For the sake of argument, let's assume that perhaps she also bought Fiber One cereal and it just wasn't shown on television.

In the next set of photos, we see Jaime's box of coupons for her trip. Note the .50 coupons for Pillsbury French Bread and $5-off-2 Nivea Body Lotion:
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On the show, we were not shown her buying any Pillsbury French Bread or Nivea Body Lotion. However, she did buy .99 small cans of Pillsbury rolls and bottles of Nivea Body Wash.

With the small Pillsbury cans on sale for .99, the .50 Pillsbury French Bread coupons applied to them would double to $1, making them free. The Nivea Body Lotion that the coupon is for typically sells for over $6/bottle. However, that week the Nivea Body Wash was much cheaper - $2.99 (again, if our Dominick's ad from that week is the same as Safeway's.) Using the $5-off-2 coupon made the body wash .49.

Great deals... IF the coupons had been for the right products.

But again, for the sake of argument, let's assume that somewhere, she also bought Pillsbury French Bread and Nivea Body Lotion, even though we never saw those products purchased on the show.

In this photo, we see Jaime has a paper clip full of coupons for .50 off 4-packs of Yoplait Yo-Plus yogurt:
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On the show, we were not shown Jaime buying any 4-packs of Yoplait Yo-Plus Yogurt. But she did buy quite a few single cups of Yoplait Yogurt, which typically sell for around .33 per cup:
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With a .50 Yo-Plus 4-pack coupon being applied to a .33 single cup of Yoplait, each cup is free with possible overage. But again... it's coupon fraud to use the 4-pack coupon for an entirely different variety of Yoplait on the single cups.

So, again, for the sake of argument, let's assume she also bought Yoplait Yo-Plus 4-packs, which viewers weren't shown in the segment.

In this photo, we see lots of packages of Buddig Original lunchmeats in her cart:
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These 2-ounce packages of Buddig Original meats were on sale for .89 per package. On Jaime's spreadsheet shown at the top of this post, she notes that she will be buying 63 packages of Buddig, and she notes that she has $1 coupons for each of them with the UPC family code 77400.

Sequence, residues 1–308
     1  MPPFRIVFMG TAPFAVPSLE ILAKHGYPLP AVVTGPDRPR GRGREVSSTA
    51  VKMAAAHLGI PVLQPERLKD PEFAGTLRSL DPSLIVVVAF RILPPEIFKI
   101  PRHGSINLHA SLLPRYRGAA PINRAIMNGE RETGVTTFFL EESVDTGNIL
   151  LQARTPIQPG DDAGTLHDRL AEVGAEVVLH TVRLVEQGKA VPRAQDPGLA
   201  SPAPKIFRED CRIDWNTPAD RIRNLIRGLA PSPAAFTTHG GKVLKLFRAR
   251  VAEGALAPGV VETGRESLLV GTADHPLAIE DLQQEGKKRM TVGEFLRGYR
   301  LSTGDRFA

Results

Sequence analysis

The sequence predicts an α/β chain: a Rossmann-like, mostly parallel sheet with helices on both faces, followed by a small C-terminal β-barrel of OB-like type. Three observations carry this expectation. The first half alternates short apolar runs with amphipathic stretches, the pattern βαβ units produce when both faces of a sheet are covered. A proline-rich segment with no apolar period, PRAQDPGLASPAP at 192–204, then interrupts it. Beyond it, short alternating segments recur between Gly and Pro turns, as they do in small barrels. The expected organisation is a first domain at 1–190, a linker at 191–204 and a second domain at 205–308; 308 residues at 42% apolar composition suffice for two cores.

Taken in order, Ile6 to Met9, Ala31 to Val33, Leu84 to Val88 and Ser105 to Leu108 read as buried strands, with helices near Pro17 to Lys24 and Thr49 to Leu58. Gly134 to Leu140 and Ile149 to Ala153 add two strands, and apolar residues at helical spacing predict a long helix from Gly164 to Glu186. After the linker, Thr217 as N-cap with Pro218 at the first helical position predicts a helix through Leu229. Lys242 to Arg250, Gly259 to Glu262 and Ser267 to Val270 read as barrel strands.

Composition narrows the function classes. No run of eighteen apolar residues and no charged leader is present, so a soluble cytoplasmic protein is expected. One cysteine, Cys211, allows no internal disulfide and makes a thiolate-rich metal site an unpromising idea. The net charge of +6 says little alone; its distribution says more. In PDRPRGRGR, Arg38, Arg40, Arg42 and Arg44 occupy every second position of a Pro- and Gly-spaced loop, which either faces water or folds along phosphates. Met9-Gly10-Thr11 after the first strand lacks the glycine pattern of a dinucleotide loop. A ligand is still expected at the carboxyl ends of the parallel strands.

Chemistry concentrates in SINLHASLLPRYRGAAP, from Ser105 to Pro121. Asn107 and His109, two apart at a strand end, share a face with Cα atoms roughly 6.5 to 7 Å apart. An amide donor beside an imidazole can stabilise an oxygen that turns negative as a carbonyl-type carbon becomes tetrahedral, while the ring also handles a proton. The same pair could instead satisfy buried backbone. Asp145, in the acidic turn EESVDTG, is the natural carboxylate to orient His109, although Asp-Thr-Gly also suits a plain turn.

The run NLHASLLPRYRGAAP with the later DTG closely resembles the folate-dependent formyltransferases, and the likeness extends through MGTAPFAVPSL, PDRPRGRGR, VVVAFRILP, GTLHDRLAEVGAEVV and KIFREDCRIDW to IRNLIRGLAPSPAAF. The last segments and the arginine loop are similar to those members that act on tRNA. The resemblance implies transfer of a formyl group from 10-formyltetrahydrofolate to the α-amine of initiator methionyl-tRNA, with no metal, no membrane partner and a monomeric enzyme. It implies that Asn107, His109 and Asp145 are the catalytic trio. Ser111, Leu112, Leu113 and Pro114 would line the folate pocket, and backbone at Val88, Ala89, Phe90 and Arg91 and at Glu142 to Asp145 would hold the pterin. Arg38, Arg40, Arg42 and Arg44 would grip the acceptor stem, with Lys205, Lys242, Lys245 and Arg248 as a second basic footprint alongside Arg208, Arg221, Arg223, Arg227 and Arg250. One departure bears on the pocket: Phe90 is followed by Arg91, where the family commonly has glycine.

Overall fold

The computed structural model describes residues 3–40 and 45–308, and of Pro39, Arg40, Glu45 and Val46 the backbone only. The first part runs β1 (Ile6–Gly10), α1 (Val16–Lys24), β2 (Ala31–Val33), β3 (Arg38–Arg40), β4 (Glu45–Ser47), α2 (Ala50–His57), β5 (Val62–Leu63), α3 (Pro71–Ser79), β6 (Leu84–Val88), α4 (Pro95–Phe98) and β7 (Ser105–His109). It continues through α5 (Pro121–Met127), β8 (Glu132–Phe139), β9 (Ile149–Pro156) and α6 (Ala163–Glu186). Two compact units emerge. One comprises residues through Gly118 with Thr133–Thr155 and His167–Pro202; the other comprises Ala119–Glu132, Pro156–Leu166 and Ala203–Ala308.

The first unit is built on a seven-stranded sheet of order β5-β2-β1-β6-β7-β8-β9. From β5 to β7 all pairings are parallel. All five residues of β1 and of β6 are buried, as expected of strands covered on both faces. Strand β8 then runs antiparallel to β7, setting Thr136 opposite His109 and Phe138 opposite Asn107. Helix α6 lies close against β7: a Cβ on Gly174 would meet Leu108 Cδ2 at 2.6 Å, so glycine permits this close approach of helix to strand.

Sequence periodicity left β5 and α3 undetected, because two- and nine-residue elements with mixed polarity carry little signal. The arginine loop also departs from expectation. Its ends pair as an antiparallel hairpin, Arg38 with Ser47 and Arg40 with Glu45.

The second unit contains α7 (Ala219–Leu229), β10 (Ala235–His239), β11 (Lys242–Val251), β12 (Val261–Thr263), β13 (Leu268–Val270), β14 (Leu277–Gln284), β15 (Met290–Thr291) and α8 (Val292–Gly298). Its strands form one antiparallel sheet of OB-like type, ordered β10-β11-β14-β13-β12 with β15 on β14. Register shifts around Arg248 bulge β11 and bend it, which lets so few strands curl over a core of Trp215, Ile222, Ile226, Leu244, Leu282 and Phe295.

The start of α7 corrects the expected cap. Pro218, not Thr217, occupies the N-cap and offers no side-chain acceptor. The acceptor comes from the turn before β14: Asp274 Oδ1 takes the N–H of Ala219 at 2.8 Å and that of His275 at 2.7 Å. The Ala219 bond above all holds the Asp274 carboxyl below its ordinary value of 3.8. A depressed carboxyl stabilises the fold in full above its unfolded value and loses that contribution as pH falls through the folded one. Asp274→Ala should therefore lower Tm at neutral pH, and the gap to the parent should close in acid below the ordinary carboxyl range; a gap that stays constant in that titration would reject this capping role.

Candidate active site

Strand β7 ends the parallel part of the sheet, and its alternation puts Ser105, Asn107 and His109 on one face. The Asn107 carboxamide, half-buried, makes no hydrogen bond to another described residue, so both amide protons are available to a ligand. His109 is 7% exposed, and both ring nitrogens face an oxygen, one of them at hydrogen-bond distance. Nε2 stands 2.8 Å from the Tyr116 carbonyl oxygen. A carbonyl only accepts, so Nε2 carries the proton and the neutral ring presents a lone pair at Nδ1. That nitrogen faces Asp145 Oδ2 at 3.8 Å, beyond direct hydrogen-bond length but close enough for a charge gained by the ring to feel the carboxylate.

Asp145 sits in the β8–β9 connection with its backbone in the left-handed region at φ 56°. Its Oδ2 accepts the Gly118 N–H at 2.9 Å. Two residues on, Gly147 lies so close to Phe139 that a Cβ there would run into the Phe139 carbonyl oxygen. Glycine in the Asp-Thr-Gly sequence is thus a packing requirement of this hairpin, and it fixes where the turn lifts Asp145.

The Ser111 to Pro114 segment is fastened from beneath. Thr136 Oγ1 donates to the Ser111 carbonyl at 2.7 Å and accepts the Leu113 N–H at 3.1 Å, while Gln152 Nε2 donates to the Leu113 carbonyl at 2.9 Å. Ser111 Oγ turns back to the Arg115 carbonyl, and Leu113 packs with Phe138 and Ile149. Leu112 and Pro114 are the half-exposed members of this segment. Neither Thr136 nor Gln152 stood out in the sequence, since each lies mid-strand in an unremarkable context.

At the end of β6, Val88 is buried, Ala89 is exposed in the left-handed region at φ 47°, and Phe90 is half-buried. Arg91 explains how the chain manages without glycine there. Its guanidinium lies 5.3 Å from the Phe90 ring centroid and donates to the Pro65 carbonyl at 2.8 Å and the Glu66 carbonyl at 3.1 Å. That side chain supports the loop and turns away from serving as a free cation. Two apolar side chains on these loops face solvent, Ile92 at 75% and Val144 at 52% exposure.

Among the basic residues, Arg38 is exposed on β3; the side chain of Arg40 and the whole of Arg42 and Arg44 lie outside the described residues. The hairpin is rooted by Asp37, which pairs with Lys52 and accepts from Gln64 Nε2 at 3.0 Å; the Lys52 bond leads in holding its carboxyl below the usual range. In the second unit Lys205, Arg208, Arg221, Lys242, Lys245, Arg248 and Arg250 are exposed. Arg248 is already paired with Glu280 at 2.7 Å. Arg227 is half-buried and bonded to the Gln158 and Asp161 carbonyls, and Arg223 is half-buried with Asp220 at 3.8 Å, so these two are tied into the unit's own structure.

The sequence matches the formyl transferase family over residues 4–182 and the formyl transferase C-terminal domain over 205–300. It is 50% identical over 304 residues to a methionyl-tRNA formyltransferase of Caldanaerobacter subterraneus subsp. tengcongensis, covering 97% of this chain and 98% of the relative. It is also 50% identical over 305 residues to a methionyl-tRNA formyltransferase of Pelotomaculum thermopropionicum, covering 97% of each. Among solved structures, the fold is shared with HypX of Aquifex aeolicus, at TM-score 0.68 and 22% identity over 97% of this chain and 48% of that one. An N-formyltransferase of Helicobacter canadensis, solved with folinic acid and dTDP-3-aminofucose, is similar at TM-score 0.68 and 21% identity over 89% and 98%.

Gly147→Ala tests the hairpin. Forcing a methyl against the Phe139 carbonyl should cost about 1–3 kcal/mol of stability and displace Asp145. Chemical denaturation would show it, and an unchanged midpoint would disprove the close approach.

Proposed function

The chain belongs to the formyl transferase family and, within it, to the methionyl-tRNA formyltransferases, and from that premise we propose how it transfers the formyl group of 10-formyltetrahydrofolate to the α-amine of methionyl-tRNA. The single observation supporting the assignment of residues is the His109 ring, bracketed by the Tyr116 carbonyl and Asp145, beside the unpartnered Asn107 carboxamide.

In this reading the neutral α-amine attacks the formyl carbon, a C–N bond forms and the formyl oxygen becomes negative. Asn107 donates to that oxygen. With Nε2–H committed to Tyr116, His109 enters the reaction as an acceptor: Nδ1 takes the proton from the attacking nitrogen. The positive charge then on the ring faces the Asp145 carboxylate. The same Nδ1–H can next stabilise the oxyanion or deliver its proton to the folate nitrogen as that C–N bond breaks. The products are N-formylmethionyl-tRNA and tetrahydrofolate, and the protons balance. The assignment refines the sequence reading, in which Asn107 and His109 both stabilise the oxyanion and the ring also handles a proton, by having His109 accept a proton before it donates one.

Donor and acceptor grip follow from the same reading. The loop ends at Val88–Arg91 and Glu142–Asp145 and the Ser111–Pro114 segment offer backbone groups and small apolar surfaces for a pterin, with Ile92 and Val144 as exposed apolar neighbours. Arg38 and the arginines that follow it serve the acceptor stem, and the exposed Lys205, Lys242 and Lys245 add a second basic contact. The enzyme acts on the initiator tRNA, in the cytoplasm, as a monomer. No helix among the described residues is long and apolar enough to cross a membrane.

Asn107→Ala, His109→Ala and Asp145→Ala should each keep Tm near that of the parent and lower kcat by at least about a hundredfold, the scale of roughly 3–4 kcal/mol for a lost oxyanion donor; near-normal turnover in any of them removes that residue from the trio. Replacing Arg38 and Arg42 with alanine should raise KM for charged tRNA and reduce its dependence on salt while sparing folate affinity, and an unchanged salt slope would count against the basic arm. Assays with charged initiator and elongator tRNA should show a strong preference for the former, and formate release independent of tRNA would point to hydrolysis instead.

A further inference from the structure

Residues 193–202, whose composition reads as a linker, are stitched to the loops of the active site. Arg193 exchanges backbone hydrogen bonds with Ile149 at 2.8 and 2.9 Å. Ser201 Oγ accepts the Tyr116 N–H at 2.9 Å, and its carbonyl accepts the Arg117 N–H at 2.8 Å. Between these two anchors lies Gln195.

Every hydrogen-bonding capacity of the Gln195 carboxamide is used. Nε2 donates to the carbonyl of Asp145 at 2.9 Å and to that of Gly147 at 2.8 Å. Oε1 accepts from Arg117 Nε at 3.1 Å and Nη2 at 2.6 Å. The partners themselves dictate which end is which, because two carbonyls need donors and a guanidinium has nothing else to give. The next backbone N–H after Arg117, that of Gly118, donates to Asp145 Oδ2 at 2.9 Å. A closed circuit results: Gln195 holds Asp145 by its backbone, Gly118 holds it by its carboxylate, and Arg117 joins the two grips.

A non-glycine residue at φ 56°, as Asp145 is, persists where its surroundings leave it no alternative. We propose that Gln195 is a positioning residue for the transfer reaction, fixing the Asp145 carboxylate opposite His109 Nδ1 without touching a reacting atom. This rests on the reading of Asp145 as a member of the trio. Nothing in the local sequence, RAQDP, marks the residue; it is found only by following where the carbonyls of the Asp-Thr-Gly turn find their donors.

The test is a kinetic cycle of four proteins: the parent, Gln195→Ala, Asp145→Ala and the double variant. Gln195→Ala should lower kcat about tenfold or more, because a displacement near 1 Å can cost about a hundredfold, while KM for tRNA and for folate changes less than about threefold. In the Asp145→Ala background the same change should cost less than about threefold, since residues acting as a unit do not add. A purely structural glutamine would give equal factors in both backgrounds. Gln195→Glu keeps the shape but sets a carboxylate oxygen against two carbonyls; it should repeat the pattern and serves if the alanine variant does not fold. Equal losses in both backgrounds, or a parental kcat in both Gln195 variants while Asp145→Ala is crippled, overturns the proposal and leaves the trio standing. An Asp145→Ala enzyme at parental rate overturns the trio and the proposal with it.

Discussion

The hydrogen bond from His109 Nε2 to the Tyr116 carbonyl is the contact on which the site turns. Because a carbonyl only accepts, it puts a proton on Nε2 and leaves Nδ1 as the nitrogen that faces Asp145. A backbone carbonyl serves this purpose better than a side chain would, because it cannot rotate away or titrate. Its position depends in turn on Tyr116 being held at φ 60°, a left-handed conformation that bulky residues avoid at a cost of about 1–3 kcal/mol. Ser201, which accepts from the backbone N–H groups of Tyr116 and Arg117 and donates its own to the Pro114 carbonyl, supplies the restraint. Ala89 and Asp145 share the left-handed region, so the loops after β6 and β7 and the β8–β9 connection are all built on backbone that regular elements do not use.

Looking at a coupon database, there were two current Buddig coupons in the inserts available during her February 4th, 2011 shopping trip. One coupon was a $1-off-4 2-ounce Buddig Original meats (again, the kind priced at .89 during this sale.)

The same coupon insert also contained a $1-off-1 Buddig Deli Cuts coupon. Buddig Deli Cuts is a more expensive variety of lunchmeat that comes in a larger, 12-to-16-ounce package.

Again, back to the spreadsheet. She planned to buy 63 Buddig lunchmeats priced at .89 each with 63 $1 coupons.

If she was using the $1-off-4 2-ounce packages of Buddig coupon (the correct coupon for this size product) she would have had to buy those lunchmeats in quantities of 4, again, as it is a $1-off-4 coupon. Couponers are notoriously good at math when it comes to figuring out trips!

It would make no sense to buy 63 of something that you needed to buy in quantities of 4, (you'd buy 64, an even number) unless...

She intended to use the $1-off-1 12-to-16-ounce Buddig Deli Cuts coupon on the Buddig Original 2-ounce variety that were on sale for .89. With a $1 coupon, they'd be free... but that would be fraud.

Which coupon did she appear to use for the Buddig Original 2-ounce lunchmeats?
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The $1 coupons for Buddig Deli Cuts, 12-to-16-ounces.

Here is a photograph of the coupon, oriented the correct way so that the size and product can be read:
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Because this coupon shared the same family code as the smaller packages, it scanned -- but the coupon is not for this product. It's for a different kind of Buddig that is also a larger size.